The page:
Storrs, Conn., may be the capital of the college hoops world these days, but executives in nearby Bristol had reason to celebrate as well last week.
ESPN’s presentation of the National Collegiate Athletic Association Division I Women’s Basketball Championship produced record ratings all around, capped by a 4.3 household mark, for the April 6 title game between Connecticut and Tennessee, according to Nielsen Media Research data.
Coverage of the Lady Huskies’ 70-61 triumph last Tuesday night — its third consecutive distaff title, paired with the men’s team’s conquest of Georgia Tech made UConn the first school to ever wear both collegiate basketball crowns in the same year — drew more than 3.8 million households.
That total made it the most-watched game ever — women’s or men’s, college or professional — in ESPN’s 25-year history, according to network officials, leaping past the previous high of 3.49 million households for UConn’s victory over Oklahoma that completed a perfect season in 2002.
UP OVER ’03
The April 6 contest registered increases of 26% and 23% from the 3.01 million homes and 3.5 rating produced by the 2003 title tilt between UConn and Tennessee. Last week’s championship matchup averaged 5.58 million watchers 2-plus, a 28% jump from last year’s 4.37 million. And deep in the heart of Huskies country, the women’s final scored a 36.3 DMA rating in Hartford, Conn.
For those keeping score at home, there also was a host of other records. The Minnesota/UConn semifinal on April 4 scored a 3.5, the highest ever for a women’s semifinal.
The three-game Final Four average was the network’s most-viewed and highest-rated, with some 2.99 million households (16%) and a 3.4 average (13%).
Overall, the women’s tourney was at the top of the class for ESPN and ESPN2 in the aforementioned classifications. ESPN averaged 1.3 million households and a 1.5 rating, 42% and 36% gains versus last year. ESPN2’s coverage increased 77% in households (445,000 vs. 252,000) and 67% in ratings (0.5 from 0.3).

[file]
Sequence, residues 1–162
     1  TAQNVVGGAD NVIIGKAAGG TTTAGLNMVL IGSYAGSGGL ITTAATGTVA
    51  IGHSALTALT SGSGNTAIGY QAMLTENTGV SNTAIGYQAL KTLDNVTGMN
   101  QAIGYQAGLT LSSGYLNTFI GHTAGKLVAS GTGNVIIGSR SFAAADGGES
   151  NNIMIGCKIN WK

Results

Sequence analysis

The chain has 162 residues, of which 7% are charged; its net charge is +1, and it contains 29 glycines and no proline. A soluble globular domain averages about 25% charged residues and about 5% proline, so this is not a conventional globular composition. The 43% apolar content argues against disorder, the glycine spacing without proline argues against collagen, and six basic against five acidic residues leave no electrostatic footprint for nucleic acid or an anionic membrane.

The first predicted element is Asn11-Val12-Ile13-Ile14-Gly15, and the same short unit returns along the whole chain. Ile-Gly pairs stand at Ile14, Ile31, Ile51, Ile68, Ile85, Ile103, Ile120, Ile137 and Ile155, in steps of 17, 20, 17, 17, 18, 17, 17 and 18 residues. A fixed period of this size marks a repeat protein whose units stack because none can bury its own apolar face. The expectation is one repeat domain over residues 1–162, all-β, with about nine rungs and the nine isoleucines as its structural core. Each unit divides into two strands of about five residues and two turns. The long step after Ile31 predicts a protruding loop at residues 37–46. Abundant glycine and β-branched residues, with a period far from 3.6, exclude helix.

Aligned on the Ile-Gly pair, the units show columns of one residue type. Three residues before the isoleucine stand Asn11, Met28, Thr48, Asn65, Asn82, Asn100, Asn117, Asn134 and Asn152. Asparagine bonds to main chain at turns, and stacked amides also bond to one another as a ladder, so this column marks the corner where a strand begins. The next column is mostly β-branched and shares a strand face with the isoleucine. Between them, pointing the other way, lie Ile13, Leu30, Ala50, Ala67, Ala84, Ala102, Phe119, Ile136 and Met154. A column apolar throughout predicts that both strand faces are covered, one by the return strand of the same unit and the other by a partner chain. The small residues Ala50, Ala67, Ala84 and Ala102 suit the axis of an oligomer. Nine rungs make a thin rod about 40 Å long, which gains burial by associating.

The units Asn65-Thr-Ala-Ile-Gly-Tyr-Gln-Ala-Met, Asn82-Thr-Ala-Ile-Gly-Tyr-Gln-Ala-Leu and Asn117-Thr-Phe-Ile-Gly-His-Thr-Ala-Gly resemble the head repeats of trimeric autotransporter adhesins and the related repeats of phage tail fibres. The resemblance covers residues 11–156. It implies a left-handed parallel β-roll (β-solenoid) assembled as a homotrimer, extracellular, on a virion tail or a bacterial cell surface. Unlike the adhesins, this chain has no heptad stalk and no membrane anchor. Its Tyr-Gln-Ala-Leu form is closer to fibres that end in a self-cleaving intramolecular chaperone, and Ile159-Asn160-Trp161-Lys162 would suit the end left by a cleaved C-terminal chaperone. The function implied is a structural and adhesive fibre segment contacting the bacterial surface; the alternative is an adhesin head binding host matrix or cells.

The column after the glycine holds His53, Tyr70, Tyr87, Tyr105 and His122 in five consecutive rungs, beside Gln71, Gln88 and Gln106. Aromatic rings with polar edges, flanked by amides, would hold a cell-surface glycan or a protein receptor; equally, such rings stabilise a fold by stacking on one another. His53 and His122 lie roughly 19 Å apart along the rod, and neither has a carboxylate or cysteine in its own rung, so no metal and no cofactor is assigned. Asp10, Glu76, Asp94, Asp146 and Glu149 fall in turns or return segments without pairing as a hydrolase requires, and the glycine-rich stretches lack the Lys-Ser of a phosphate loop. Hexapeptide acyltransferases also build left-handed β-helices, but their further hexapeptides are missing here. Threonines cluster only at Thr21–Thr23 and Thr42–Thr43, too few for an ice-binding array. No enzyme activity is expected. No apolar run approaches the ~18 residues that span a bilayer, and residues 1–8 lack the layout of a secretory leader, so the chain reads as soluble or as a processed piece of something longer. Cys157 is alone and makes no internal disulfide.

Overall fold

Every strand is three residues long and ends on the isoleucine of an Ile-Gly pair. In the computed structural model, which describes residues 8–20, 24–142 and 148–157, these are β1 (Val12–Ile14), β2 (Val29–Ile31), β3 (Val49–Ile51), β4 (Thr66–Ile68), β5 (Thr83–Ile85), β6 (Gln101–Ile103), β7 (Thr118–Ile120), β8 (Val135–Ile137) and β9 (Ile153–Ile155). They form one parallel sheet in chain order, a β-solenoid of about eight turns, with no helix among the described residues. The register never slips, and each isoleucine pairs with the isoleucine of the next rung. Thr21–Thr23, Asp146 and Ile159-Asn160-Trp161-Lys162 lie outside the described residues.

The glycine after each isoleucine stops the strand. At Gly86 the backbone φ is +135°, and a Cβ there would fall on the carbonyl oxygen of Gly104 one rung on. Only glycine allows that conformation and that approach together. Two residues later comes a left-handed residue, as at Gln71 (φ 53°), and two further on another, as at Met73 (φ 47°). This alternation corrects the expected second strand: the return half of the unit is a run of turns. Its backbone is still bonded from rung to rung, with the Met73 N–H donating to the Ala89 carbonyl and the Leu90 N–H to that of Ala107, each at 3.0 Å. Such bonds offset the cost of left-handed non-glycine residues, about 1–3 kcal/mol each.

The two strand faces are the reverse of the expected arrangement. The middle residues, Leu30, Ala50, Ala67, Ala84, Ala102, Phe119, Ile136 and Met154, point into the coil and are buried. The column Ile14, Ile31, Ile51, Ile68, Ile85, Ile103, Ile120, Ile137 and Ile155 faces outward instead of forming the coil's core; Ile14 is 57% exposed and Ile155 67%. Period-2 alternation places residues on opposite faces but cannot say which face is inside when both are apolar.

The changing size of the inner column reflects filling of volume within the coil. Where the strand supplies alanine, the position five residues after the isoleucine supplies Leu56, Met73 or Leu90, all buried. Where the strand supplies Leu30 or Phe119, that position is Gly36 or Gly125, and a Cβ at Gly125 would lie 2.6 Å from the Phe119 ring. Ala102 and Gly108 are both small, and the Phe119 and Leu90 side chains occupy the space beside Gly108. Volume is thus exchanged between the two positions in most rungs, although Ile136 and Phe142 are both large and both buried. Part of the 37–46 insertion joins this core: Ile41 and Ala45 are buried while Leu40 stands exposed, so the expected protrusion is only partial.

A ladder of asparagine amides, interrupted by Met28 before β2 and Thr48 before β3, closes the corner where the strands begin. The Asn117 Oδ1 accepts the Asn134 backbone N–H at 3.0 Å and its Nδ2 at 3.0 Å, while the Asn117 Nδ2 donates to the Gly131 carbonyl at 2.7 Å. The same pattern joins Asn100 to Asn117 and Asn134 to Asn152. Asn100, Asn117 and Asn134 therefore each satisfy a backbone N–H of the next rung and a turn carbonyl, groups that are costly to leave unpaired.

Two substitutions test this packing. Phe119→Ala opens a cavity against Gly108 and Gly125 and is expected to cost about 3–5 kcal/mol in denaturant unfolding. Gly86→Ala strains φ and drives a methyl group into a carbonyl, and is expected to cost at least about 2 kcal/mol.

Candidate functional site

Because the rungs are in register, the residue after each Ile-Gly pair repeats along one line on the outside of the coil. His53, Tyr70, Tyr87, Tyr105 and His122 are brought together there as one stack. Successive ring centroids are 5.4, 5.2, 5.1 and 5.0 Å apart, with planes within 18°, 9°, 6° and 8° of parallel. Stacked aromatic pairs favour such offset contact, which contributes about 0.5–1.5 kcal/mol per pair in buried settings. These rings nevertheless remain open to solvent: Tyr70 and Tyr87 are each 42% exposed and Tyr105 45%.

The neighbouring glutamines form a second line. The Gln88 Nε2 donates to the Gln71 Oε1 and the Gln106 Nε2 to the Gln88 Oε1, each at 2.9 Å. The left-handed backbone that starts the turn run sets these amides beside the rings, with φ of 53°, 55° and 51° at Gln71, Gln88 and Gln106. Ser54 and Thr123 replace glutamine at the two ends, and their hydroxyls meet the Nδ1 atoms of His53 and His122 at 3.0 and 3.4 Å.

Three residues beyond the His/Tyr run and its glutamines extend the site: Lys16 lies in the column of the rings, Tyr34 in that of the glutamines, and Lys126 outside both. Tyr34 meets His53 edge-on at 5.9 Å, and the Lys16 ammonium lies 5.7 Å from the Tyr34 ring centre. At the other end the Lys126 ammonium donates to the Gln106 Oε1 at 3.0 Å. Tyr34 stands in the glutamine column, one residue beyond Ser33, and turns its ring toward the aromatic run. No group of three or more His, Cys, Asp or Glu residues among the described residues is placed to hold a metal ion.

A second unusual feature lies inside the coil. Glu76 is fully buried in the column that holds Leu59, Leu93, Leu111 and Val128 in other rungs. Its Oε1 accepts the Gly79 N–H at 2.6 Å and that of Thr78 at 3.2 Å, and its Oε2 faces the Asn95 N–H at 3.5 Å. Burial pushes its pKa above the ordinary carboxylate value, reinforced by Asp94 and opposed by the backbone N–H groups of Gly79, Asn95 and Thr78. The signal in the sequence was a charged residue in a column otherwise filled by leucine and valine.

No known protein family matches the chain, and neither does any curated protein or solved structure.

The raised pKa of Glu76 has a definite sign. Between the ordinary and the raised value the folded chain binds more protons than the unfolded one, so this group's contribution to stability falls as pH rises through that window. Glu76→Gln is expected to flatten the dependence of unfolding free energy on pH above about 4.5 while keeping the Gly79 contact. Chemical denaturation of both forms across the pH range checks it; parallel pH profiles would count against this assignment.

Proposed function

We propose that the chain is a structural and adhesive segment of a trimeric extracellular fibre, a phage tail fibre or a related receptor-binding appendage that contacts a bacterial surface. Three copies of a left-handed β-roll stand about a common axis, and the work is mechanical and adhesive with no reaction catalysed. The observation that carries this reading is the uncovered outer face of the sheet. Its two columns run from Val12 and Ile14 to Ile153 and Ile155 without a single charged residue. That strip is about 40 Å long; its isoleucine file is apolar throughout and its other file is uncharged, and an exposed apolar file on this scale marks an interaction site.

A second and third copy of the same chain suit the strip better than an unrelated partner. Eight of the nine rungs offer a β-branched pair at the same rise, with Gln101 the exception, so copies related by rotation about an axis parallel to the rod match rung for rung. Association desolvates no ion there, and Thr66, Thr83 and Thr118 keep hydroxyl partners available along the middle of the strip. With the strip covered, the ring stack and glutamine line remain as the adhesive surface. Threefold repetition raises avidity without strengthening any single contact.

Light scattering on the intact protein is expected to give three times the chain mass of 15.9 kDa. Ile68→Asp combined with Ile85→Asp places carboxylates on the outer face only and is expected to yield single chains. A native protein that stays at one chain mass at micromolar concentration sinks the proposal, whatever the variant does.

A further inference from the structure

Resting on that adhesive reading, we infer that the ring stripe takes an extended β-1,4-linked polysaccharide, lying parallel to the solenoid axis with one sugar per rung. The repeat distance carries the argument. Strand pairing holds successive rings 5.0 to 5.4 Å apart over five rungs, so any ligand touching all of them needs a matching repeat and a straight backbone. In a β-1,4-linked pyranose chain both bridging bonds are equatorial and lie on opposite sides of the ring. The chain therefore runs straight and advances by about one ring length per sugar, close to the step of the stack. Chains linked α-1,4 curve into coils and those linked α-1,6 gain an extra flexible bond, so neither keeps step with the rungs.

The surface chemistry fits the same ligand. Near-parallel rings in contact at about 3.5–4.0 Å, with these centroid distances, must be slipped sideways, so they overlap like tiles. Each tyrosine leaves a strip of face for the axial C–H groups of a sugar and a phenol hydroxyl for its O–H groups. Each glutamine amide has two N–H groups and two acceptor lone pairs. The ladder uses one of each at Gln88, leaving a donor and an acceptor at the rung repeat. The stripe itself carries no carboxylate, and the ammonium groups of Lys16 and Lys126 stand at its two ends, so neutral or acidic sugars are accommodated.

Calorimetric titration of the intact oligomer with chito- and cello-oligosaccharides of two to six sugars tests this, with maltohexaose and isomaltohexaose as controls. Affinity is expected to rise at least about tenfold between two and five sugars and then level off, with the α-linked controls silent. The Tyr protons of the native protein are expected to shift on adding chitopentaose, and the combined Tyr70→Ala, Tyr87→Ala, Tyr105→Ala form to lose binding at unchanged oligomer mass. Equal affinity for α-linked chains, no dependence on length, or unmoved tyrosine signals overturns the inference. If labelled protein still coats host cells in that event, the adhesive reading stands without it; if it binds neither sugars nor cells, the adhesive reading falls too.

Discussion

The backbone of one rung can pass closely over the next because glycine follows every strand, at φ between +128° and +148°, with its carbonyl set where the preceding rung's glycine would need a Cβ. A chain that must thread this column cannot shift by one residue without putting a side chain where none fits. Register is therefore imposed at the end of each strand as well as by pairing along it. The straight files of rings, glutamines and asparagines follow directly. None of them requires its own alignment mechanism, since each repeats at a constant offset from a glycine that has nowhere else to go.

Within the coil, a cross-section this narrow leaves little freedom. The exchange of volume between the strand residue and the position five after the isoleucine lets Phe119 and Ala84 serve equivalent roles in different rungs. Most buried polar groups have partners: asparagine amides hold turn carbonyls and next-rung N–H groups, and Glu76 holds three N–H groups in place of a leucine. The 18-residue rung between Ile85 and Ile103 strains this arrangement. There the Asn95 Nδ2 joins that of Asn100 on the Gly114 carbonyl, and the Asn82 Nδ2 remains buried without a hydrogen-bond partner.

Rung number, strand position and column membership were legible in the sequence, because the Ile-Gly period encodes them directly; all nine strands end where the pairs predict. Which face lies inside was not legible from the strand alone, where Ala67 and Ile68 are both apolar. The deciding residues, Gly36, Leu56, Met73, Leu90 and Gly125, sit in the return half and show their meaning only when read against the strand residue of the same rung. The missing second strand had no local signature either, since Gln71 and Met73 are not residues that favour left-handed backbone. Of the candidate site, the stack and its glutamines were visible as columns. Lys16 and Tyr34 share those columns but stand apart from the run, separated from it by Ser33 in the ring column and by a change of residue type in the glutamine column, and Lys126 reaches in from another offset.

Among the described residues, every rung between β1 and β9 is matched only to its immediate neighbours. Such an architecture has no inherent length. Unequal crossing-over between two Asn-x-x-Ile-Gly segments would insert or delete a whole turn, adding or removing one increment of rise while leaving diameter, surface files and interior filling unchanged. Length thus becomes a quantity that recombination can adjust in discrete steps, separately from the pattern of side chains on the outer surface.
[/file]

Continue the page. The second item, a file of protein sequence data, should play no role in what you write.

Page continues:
“The 2004 NCAA women’s tournament is a tremendous success story for ESPN and the NCAA,” ESPN senior vice president, programming strategy Len DeLuca said in a statement. “The record audience numbers are a reflection of our plan to capture the storylines in the first week and then provide every game nationally from the Sweet 16 to the Final Four.”
EARLY ROUNDS SCORE
While high-profile matchups and upsets in the latter rounds produced big numbers, early-round contests also pushed the improved Nielsens. ESPN’s first two telecast windows — presenting action across several contests — averaged a 0.7 March 20 and 21, a 133% jump from the corresponding period with the 2003 tourney. For its part, ESPN2’s six first-round windows doubled to a 0.4 mark from the prior year.
ESPN executives attributed the early-round Nielsen amelioration, in part, to better coordination between programming, affiliate sales operations and public relations departments in terms of aligning the four regional feeds with protected viewing territories and mixing in the primary feed as on-court action warranted.
ESPN director of affiliate-sales operations Lillian Urso-Vieira said ESPN expanded the viewing territories as results dictated. For instance, during the first round Baylor played Loyola Marymount, with the market-protect area Baylor encompassing only Waco-Temple, Dallas-Fort Worth, Houston, and Austin, Texas.
Based on viewer response, the market protected for Baylor action was expanded to the entire state of Texas for its second-round win over Florida.